And just as every public figure wants to walk in Diana's footsteps or claim some association with her spirit, so the rest of the political world is now desperate to be seen to be emulating the admirable Blair. The political conference season this autumn showed that there are now really three New Labour parties competing in parliament.

First on was the Lib-Dem New Labour Party, with leader Paddy Ashdown acting as Blair's friendly warm-up man. Then came the main act, the New Labour Party itself, whose conference was the sort of slick performance you would expect from the star of the seaside show. Finally came the Tory New Labour Party, with William Hague doing his impression of Tony Blair, and Michael Portillo trying to sound like Peter Mandelson. Hague's fumbling attempt to distance himself from the 'dinosaurs' and blue-rinse brigade of the Tory Party membership, and to speak instead to the new elite in the Blairite language of compassion and 'inclusiveness', paid a big compliment to the way in which the People's Prince has redrawn the political and moral map.

One consequence of the post-Diana mood in politics is that Blair can get away with almost anything at the moment, can do pretty much what he likes without facing any oppos-ition. Nobody who hopes to be taken seriously will accuse the worthy Blair of protecting special interests or of selfishly abusing his power. After all he is simply being compassionate, doing what is Right for all of Britain, acting upon the will of the People.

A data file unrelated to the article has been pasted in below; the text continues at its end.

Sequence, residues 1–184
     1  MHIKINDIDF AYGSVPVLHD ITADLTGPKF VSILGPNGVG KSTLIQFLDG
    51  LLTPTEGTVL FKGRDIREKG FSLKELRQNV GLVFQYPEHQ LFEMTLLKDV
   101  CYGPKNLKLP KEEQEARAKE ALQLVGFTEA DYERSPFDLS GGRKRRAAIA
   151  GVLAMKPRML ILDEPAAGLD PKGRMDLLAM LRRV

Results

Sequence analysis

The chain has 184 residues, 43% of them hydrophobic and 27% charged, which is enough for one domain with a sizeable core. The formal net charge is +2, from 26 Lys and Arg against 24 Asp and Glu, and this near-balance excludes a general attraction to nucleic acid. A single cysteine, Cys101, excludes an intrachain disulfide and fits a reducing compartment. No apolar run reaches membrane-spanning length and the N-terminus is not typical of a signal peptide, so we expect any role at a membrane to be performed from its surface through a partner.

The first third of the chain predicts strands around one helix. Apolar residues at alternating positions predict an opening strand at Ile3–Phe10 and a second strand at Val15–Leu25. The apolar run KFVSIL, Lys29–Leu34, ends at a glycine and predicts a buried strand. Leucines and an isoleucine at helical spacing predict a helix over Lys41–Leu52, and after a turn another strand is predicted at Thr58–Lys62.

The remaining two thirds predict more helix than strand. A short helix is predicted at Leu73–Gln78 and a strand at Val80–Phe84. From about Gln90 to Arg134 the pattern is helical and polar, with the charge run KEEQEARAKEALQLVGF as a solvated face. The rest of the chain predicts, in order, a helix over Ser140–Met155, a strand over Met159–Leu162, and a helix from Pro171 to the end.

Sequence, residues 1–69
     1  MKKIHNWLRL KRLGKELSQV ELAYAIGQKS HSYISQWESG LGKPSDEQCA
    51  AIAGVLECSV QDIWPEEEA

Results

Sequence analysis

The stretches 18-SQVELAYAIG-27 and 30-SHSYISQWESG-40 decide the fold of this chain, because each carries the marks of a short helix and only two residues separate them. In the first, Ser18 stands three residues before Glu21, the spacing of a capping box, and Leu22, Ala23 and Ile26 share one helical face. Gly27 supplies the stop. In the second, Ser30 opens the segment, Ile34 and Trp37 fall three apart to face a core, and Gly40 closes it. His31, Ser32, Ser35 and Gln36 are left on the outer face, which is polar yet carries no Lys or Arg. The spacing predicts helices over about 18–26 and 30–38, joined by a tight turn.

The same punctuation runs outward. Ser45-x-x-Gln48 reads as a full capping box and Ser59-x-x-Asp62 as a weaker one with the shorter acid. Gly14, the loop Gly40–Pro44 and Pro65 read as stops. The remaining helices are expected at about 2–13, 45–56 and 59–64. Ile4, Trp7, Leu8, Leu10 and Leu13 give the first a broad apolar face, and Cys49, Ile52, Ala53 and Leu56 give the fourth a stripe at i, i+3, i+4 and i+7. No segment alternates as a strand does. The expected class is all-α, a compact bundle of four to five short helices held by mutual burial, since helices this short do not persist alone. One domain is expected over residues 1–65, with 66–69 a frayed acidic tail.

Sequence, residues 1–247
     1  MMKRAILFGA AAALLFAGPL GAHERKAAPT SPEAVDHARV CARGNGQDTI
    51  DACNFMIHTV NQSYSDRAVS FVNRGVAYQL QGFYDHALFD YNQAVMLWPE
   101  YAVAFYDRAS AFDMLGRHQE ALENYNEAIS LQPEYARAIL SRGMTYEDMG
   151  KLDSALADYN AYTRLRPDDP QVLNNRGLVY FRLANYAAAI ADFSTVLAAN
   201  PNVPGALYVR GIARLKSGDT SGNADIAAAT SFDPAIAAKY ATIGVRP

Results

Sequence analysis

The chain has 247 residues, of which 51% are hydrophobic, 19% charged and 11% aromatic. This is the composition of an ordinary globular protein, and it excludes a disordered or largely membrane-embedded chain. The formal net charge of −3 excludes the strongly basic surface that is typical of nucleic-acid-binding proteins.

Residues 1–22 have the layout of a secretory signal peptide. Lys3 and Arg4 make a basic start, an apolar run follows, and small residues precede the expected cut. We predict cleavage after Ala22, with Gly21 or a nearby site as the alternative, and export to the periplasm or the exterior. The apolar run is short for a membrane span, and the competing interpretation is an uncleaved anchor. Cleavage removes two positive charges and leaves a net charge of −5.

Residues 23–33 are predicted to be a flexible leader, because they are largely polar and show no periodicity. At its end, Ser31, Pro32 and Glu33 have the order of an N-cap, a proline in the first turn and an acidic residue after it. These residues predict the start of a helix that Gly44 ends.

This consensus gives Blair's government apparently limitless opportunities to introduce the kind of measures which, in a different context, might have provoked fierce criticism.

As examined elsewhere in this issue of LM, by presenting his latest law and order campaign in the fashionable packaging of anti-racism, child protection and parental responsibility, Home Secretary Jack Straw can introduce more repressive measures than anything his predecessors tried. And by calling for people to unite in the new Dianaesque spirit of 'a giving age', Blair can get a standing ovation for demanding sacrifices in living standards of a kind which, 20 years ago, got the last Labour chancellor booed at his own party conference.